While the state of Florida is lauded for its sunshine, great weather, and tax-free income, its journey to becoming the state we know today is somewhat checkered.
The Sunshine State has a significant place in American history as home to the country’s first European settled city, St. Augustine. The city was founded by Spanish conquistador Pedro Menéndez de Avilés in 1565 but with the help of real estate promoter and pioneer Carl Fisher some 345 years later, Florida would begin to morph into one of the most geographically desirable locations in the United States.
In addition to slave trading, the state’s geographic makeup made it ideal for farmers to produce a wide range of products including cotton, tobacco, sugarcane, and oranges; but in order to turn a profit, there had to be a way to easily move goods in and out of the not yet fully developed state.
Fisher’s Founding of Miami Beach
In 1910, Fisher sold his car headlight company, Prest-O-Lite, for $6 million and retired at the age of 37 to Miami, where about 10,000 people had settled. But the restless retiree set out to explore his new hometown and its surroundings when he stumbled across an island in the Biscayne Bay. That island would later become known as Miami Beach.
His first commercial project on the site, the Lincoln Hotel, was done by 1919. It lived up to his vision of opulence as its Italian Renaissance structure boasted a golf course and tennis court. Shortly after that in 1920, Fisher opened another stunning resort, the Flamingo Hotel.
Promoting the Sunshine State
Even while roads were built and lavish hotels stood steps away from the ocean, Fisher still struggled to pull people in, so he stepped into his promoter shoes. He linked with advertising guru Steve Hannagan, who worked on a campaign to target ads to American households. Hannagan’s initial approach to bringing in crowds was based on selling beauty. Ads featured beautiful young women in scenes of luxury.
But while wealthy Americans did begin to flock to the area, Fisher found events surrounding sports brought in even more business.
Fisher spent the mid ’20s hosting golf tournaments, polo matches, and even diving competitions to bring in spectators and fill up hotels that had been popping up across the island. Sporting events were followed by massive parties hosted by celebrities and the nation’s elite, just adding to the allure.
The ads highlighted a lifestyle many Americans sought, but, of course, not everyone had the means to do so. Just as Florida was becoming known as a vacation hotspot, it was still recognized for its profitable crops, and advertisers also used that to their advantage in describing the state as a business opportunity.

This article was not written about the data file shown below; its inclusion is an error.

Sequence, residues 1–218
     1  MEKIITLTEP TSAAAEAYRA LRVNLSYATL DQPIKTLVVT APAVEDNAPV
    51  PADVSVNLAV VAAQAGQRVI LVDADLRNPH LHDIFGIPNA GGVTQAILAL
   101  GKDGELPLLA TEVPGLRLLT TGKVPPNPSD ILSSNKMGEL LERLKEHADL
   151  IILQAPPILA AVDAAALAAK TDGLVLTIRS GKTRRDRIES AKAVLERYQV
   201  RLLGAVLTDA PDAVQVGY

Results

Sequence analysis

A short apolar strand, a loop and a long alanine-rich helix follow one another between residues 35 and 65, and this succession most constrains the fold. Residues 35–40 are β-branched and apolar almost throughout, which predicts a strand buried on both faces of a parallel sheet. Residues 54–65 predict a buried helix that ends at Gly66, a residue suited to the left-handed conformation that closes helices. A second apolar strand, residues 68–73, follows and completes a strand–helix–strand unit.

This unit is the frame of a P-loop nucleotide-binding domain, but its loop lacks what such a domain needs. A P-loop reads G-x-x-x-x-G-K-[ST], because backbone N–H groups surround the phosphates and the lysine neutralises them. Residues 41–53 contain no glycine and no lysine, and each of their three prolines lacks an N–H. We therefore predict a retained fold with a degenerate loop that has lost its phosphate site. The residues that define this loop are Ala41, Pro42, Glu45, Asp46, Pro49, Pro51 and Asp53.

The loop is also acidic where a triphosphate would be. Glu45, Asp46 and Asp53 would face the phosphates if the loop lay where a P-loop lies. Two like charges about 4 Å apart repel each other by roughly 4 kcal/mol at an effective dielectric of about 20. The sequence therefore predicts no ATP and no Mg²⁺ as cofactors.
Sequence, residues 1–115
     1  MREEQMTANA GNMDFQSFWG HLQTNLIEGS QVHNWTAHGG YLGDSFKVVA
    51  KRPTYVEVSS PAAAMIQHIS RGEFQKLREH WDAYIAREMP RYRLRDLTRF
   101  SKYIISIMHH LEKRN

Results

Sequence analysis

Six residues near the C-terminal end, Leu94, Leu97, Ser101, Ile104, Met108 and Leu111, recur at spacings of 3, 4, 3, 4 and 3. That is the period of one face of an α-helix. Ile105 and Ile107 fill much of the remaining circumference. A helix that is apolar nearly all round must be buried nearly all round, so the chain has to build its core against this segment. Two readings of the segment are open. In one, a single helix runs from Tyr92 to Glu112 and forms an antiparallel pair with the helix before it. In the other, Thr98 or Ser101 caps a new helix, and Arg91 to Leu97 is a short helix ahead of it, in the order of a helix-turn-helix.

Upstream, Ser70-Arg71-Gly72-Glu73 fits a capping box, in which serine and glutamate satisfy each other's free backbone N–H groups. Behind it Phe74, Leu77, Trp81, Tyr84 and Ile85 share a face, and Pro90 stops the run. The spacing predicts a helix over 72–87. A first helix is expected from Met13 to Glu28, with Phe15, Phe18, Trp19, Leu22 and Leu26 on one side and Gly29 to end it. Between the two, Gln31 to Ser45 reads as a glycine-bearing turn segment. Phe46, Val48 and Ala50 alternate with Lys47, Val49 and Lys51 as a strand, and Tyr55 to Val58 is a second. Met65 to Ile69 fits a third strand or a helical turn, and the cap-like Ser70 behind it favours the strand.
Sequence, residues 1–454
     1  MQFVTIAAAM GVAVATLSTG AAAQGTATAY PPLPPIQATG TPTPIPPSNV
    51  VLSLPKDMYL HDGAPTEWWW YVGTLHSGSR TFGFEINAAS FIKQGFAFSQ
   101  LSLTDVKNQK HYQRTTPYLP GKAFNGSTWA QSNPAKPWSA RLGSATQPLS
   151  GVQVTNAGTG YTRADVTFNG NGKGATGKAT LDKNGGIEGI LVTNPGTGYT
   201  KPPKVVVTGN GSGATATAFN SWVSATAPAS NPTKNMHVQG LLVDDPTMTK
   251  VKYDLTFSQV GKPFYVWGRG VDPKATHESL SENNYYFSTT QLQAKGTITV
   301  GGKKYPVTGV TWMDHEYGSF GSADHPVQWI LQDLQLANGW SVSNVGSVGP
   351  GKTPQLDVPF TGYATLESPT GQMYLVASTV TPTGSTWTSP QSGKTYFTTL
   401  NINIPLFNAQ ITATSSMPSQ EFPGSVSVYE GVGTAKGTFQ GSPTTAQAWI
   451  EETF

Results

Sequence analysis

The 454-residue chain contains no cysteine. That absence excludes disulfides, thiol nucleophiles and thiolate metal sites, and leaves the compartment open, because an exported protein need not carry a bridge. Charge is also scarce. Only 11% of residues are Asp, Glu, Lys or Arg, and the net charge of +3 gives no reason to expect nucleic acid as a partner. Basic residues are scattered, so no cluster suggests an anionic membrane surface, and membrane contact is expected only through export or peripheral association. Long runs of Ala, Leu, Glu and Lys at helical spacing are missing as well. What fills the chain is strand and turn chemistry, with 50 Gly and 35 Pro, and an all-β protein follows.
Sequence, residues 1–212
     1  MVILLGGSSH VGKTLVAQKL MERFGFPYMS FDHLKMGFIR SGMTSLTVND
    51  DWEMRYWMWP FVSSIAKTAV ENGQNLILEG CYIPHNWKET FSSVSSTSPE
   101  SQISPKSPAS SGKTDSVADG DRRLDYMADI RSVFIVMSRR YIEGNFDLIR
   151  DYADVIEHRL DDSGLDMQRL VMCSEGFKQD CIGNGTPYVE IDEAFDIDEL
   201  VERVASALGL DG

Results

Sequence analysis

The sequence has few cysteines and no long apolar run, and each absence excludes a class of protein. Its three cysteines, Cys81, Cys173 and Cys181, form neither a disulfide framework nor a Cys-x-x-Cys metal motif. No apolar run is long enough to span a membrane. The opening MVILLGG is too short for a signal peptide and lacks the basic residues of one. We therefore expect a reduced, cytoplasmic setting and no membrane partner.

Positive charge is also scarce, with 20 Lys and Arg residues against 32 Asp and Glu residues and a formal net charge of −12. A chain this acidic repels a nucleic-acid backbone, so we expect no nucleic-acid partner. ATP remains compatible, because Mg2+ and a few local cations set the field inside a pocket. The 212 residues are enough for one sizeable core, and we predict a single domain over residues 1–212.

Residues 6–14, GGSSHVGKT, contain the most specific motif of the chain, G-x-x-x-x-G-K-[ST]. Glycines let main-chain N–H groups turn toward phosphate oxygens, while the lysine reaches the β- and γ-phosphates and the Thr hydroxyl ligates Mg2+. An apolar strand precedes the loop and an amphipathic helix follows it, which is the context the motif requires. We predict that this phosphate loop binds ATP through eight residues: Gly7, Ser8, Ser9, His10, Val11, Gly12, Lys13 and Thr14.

Between 1921 and 1925, Florida’s population exploded. Over four years, populations in Miami, Orlando, and West Palm beach surged by well over 100 percent. But as soon as Florida was taking off in the eyes of Americans, the glory was muted after a round of bad press that questioned the value of properties in the state.
Hurricanes Become an Issue
As a result, owners began defaulting on loans and banks started crumbling. The rapid rise and quick fall of Florida in the 1920s would eventually give way to becoming the ultimate retirement destination for seniors and soldiers in the 1950s after the Second World War, with the continued offering of sunshine and a cheap cost of living.
“Many people who trained here came back here because they wanted to build a life for their families,” Dr. Andrea Heuson, academic director of real estate programs at Miami Herbert Business School told Cheddar.
Still, Florida is a place that has long been at the mercy of Mother Nature, and that remains a long-term concern that needs to be addressed. Today, structures are better equipped to withstand the elements that drove people out a century ago, and the housing market is in the midst of another boom. However, many of the natural protections have been cleared to make way for commercial developments, meaning the work Carl Fisher dedicated to making places like Miami Beach habitable may have also left it vulnerable, particularly as weather conditions morphed by climate change threaten to raise sea levels along the coast.
This is part of ‘The Lightbulb Moment’, A Cheddar and CuriosityStream Original Series, the show that uncovers the surprising impact of less-celebrated inventions and the moments of inspiration that made them possible.
Video produced by Andrew Davis. Article written by Lawrence Banton.